Journal Article: Marilena Vlad, “Defying words: Damascius and the travail of the unsayable”, in: Chôra – Revue d’Études Anciennes et Médiévales: Discursive Mediation in Neoplatonism, 2017 (BDI, accepted for publication);

I focused on the theme of the first principle in Damascius’ perspective. The problem is to know to what extent discursiveness – the fact of speaking about this principle – affects the problem itself and our manner of access to it. Any attempt to refine our view on the principle only leads us further away from it. What is Damascius’ solution? What is the role of the discourse in our attempt to grasp the principle? I analyzed the manner in which Damascius understands his own discourse and how he turns this inevitably inadequate discourse into a manner of producing the consciousness of the principle. The principle is not described, but rather made manifest through an intellective “birth labor” (ὠδίς). I have demonstrated that this “labor” is not the sign of an inability to grasp the principle. On the contrary, it represents an indirect, non-descriptive, but very rigorous manner of grasping the presence of the principle in the discourse and through the discourse.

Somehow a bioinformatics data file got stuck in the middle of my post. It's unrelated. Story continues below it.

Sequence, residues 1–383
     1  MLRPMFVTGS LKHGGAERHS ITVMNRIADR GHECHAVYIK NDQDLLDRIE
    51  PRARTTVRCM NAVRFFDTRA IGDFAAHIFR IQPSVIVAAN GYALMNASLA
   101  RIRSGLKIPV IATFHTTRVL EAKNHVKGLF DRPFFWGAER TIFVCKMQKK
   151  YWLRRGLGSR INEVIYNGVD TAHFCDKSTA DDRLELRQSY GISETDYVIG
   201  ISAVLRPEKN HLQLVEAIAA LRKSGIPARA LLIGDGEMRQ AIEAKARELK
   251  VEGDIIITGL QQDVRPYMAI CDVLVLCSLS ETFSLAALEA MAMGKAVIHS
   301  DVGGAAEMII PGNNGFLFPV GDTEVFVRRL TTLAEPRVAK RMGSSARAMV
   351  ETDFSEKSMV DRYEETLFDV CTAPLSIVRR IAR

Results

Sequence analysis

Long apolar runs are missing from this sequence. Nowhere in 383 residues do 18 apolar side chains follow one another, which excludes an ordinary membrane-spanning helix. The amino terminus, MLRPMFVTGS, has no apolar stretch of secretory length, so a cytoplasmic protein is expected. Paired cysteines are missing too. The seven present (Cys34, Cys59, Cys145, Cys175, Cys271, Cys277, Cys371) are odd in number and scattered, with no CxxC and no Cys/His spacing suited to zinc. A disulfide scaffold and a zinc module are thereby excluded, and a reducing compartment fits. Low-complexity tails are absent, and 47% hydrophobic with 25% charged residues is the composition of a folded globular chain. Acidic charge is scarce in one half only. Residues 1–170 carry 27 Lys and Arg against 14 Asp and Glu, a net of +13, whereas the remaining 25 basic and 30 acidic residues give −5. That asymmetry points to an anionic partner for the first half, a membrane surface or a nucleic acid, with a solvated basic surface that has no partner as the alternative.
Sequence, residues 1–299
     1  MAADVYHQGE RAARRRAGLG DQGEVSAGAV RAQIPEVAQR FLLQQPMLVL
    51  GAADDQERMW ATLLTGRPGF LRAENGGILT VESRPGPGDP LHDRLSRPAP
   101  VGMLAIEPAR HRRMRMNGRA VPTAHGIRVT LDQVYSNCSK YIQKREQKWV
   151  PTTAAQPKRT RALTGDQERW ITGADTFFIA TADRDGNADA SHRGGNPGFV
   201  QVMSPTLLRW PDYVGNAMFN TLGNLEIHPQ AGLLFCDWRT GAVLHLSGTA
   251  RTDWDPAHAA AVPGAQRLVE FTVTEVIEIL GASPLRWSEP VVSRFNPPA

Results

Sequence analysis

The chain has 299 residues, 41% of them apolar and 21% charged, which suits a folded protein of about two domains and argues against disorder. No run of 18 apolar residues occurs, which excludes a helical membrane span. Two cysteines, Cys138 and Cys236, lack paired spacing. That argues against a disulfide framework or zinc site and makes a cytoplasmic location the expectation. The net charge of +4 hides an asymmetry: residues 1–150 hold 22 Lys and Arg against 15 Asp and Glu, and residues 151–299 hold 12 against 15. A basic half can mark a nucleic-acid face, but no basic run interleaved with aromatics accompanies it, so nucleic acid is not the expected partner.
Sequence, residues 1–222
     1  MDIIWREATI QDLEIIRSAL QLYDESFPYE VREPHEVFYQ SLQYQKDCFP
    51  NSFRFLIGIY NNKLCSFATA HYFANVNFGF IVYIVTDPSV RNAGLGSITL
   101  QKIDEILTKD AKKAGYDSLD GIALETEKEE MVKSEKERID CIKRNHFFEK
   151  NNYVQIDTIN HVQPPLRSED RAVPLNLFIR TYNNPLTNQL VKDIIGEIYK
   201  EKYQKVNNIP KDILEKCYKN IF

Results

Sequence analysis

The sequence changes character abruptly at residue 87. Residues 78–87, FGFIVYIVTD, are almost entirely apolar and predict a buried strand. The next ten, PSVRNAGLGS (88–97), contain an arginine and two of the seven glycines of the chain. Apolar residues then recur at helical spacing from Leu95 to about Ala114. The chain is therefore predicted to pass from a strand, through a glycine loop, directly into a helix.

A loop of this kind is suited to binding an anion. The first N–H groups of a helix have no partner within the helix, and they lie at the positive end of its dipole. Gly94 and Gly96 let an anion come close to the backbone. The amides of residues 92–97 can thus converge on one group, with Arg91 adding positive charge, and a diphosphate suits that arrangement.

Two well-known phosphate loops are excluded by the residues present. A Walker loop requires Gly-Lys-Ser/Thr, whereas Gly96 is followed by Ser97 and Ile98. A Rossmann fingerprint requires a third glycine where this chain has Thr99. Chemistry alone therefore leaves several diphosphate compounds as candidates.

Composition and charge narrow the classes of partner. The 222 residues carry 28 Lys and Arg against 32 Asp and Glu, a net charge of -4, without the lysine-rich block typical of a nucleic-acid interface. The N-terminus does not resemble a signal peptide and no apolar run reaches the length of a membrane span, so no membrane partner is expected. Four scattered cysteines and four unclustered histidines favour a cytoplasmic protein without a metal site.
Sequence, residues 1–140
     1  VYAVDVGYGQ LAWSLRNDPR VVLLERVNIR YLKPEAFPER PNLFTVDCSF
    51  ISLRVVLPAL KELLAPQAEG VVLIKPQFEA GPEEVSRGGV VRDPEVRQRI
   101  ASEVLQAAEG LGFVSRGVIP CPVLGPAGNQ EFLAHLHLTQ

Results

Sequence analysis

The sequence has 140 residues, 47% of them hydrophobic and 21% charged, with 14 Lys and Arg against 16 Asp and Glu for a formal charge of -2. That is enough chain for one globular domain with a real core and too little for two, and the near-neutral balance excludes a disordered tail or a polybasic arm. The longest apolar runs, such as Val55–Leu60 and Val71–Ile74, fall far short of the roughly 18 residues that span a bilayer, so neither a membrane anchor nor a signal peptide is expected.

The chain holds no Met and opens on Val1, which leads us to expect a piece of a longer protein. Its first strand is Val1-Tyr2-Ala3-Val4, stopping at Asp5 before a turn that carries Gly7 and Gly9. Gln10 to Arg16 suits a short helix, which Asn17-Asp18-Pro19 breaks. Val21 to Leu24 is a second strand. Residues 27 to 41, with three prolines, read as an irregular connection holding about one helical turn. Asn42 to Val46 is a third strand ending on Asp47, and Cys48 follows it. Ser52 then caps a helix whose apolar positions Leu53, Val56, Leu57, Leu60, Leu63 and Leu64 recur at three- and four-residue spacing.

Journal Article: Andrei Timotin, “Langage discursif et non discursif chez Plotin. A propos d’Enn. IV, 3 [27], 18”, in: Marilena Vlad (ed.), Chôra – Revue d’Études Anciennes et Médiévales: Discursive Mediation in Neoplatonism, 2017 (BDI, accepted for publication);

In this study, A. Timotin showed that, in the first instance, the standard Plotinian position is that both discursive λογισμός and discursive language are inappropriate to the intelligible realm; they characterize precisely that part of the soul that does not remain within the intelligible and is turned toward the sensible world. The study shows that Plotinus considers, however, that a non-discursive λογισμός is not incompatible with the condition of the soul remained within intelligible. Starting from an analysis of Ennead V 8 [31] and V, 1 [10], the study demonstrates that Plotinus considers the existence of a kind of non-discursive language, on the one hand, with reference to the Egyptian symbolic writing, and, on the other hand, in relation to the topic of prayer. A. Timotin also shows that a similar approach is already attested in Plutarch‘s works, especially in De Genio Socratis, in an exegetical context providing different explanations for the manner in which Socrates could communicate with his daimôn, a traditional Middle-Platonic theme.

Edition of the Journal Chora on “Discursive Mediation in Neoplatonism” (coordinated by Marilena Vlad)